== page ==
Any more questions? No? Then what are you waiting for - go do some squats!!!

RESEARCH

Research Interests:

Primary

Protein Metabolism – My current research centers around the optimal dosage, frequency, and type of proteins to consume in relation to body composition and performance, in healthy sedentary and trained populations across age spans.

Body composition and human performance – my overall interests focus on the effects of diet, training, and supplementation on body composition (particularly hypertrophy and fat metabolism) and strength. I am also interested in human performance, and the effects of implementing motor learning and behavioral principles on performance.

Secondary

Intrinsic Motivation – I am absolutely fascinated with topics related to maximizing intrinsic motivation of the human being. I have done extensive research on self determination theory and its sub theory, cognitive evaluation theory, and believe it is currently the most accurate theory on human motivation. I have also done extensive research on many other topics related to intrinsic motivation including cooperation and competition, goal setting, administering external rewards, and many others.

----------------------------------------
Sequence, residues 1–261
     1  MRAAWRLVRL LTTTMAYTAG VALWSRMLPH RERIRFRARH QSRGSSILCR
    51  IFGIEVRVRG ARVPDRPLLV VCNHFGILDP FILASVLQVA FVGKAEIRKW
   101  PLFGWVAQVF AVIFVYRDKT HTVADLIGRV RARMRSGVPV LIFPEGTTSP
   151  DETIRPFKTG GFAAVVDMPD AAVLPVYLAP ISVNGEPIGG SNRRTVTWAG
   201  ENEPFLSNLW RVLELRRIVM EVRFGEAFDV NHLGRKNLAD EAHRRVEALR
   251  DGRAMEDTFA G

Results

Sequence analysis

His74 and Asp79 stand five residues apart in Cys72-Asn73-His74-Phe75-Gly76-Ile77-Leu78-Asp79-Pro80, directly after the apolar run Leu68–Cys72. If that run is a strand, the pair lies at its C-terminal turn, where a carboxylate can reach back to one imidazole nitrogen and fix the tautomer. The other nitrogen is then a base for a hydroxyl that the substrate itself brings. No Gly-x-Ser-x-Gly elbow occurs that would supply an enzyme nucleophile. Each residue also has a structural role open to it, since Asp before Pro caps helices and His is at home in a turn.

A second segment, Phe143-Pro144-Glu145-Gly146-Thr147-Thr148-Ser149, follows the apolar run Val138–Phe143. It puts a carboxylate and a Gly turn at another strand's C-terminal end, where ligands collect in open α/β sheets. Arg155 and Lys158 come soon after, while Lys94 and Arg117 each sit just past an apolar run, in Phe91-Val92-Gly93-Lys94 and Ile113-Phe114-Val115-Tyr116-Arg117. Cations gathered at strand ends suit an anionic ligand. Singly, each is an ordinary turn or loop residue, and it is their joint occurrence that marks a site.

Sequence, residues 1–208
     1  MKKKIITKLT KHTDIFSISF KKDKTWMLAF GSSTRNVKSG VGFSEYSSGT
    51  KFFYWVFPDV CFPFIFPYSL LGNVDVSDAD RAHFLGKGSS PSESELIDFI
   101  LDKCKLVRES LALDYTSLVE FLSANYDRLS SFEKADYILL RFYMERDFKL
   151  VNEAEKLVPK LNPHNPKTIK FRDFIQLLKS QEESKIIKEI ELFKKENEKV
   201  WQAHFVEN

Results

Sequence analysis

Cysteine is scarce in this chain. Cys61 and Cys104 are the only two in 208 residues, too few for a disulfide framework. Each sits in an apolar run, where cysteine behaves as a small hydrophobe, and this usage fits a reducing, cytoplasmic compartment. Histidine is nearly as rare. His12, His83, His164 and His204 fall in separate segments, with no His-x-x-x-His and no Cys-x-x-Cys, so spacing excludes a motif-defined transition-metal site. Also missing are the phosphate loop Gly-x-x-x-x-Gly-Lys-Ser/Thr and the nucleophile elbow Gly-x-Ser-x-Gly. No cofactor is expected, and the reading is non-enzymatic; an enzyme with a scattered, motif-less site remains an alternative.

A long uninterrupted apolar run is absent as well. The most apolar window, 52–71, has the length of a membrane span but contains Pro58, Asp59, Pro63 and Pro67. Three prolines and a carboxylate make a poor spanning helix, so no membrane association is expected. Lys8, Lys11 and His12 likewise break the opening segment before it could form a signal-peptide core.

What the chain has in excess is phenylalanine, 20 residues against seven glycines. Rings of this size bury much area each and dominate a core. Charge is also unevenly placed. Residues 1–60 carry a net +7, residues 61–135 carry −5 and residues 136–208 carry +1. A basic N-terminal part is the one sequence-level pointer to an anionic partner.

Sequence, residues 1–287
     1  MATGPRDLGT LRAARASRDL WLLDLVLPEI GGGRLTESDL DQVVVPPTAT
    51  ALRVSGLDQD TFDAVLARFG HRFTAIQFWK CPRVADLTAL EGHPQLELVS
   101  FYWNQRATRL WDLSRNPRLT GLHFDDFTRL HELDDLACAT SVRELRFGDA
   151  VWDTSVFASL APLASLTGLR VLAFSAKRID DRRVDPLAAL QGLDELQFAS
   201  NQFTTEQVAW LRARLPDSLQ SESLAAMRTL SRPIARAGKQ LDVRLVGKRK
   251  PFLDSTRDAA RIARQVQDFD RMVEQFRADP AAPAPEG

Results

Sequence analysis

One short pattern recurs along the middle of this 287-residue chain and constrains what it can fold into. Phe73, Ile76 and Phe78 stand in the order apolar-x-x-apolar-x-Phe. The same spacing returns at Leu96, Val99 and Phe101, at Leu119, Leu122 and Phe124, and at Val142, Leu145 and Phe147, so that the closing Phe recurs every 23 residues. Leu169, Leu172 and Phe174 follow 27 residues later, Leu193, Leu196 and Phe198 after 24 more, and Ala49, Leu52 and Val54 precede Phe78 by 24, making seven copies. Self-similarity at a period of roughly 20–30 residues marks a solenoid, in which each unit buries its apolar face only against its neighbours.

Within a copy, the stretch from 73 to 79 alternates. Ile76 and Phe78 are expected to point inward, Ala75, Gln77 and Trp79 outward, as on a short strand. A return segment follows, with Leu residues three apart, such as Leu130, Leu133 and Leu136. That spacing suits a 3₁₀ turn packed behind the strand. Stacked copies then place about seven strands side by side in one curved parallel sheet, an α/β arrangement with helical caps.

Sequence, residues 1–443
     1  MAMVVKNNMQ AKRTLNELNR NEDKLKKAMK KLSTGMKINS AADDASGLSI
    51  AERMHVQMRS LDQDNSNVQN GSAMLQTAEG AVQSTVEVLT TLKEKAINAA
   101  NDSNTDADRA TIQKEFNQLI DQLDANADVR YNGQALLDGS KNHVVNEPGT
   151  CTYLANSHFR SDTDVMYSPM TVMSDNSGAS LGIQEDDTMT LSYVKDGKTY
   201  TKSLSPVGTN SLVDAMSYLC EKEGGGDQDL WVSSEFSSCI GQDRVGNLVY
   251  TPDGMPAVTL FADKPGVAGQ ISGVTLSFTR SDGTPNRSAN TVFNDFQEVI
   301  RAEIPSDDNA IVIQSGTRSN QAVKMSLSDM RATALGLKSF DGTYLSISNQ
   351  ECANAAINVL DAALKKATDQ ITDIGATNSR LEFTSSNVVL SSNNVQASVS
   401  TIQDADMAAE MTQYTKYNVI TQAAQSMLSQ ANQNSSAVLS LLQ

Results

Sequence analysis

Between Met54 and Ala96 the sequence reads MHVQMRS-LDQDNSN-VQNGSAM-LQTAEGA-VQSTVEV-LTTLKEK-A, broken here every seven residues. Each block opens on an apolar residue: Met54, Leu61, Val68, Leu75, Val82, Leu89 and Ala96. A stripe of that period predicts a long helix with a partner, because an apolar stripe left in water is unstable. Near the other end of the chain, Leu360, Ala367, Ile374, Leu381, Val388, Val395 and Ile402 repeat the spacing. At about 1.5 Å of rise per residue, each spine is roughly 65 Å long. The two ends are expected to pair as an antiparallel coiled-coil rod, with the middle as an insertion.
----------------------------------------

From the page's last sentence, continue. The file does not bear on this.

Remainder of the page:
Research in Progress

I am currently researching optimal protein intakes to maximize skeletal muscle growth. Our lab believes leucine is the key signaling molecule for stimulating skeletal muscle protein synthesis; therefore, we are investigating the efficacy of using leucine as a determinant of protein quality.

PUBLICATIONS

Selected Published Abstracts

Ostarello, J.Z., J.M., Wilson, and G.J., Wilson. (2005) Muscle power enhances brain power: A paradigm for student 
     success in kinesiology. Western Society Review.

Wilson, J.M., Simons, J, Wilson, G.J, Theall, S. & Rodriquez, W. A Test of Self-Efficacy and
      Parameterization Changes as Possible Explanations for the Especial Skills Phenomenon
      at the 60.5 Foot Distance for Highly Experienced Baseball Pitchers. Journal of Sport and
      Exercise Psychology 2007

Wilson, G.J., Simons, J., Wilson, J.M. & Rodriquez, W. The Non-Emergence of an Especial
      Skill: Good is Not Enough. Journal of Sport and Exercise Psychology. 2007

Kim, J-S., J. M. Wilson, S-R. Lee, G. J. Wilson, B. Sommer, J. Colon, T. Diah, D. Mendez, J. D. Kingsley, and L. B. Panton. Acute Timing Effects of β-Hydroxy β-Methylbutyrate (HMB) Supplementation on Muscle Strength and Soreness. Med Sci Sports Exerc 40(5):S7, 2008.

G.J. Wilson, J.M. Wilson.  The Effects of HMB Supplementation on Muscle Tissue Structure and Function, Current and
     Future Research Implications JISSN, 5:S10, 2008.

Selected Peer Reviewed Publications

Wilson, J.M., and G.J., Wilson. (2006). Contemporary issues in protein requirements and